Investing in a home theater receiver represents the cheapest option; it may take even up to a couple of thousand dollars in a separates setup to get all the functionality enclosed within the typical home theater receiver. An AV receiver also eliminates the mass of cables needed to interconnect the preamplifier with the multi-channel amplifier units as well as the Tuner with the preamplifier. And though less important, the receiver option helps save AV rack space.
The downside of the AV receiver solution is that it is hard for the delicate components within the preamplifier/decoder section to coexist under the same roof of a heavy multi-channel power amplifier while sharing the same power supply. We are not saying that it is impossible and some home theater receivers can do a remarkable job in delivering a great sound. But in general, performance suffers during peaks as power amplifiers tend to draw much of the available power from the rest of the circuitry.
On the other hand, a surround sound solution based on a set of separate components would yield the most flexible way of achieving the desired result.
Opting for a separates solution would generally call for a different component for each of the functions highlighted above - namely the tuner, preamplifier complete with switching and surround sound decoder, and the power amplifiers to drive the different speaker channels. The result is a higher level of performance and higher quality sound at even higher power levels. This makes the whole separates solution more appealing to audiophiles. However, the main reason for choosing the separates route is the need for higher power - say to fill a large hall, rather than just the desire for cleaner sound.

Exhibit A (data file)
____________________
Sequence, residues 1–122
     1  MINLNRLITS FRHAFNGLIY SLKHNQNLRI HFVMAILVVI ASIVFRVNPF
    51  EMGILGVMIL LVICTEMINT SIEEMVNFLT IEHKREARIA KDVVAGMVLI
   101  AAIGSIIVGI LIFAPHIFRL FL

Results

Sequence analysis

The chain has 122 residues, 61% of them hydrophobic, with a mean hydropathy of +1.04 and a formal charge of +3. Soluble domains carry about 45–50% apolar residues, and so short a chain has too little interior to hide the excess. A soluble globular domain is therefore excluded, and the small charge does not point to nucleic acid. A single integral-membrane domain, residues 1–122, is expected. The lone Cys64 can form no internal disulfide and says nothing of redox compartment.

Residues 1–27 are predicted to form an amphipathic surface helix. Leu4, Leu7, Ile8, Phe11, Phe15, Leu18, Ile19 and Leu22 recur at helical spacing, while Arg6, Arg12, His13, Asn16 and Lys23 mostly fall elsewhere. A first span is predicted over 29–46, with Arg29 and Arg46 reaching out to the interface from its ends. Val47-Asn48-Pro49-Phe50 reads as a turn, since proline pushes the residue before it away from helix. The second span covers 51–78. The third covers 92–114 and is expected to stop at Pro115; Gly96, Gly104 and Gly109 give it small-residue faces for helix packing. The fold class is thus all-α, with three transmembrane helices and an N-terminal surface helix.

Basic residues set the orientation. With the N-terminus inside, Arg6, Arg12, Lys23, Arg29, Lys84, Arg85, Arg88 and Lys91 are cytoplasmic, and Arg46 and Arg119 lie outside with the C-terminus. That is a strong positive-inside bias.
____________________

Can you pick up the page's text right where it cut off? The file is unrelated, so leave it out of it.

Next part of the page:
We said the separates option is most appealing to audiophiles but you really need to properly match all system components as otherwise, you risk ending up with a more expensive solution that is only capable of an inferior result!
If you want to opt for separates, do not mix brands and possibly not even model lineups within the same brand. Definitely, do not mix different amps for the different channels in a multi-channel surround sound setup. You see, most amplifiers react differently when adjusting controls - yielding a sound that is not only of a different volume but one that may even come with a different tonality. This would make it extremely hard if not impossible to balance out the sound on the different channels when using different amplifier models for the different speaker channels.
However... those who know their job well would definitely be able to get the best performance and cleaner sound from a separates surround sound setup.
What to look for in a Home Theater Receiver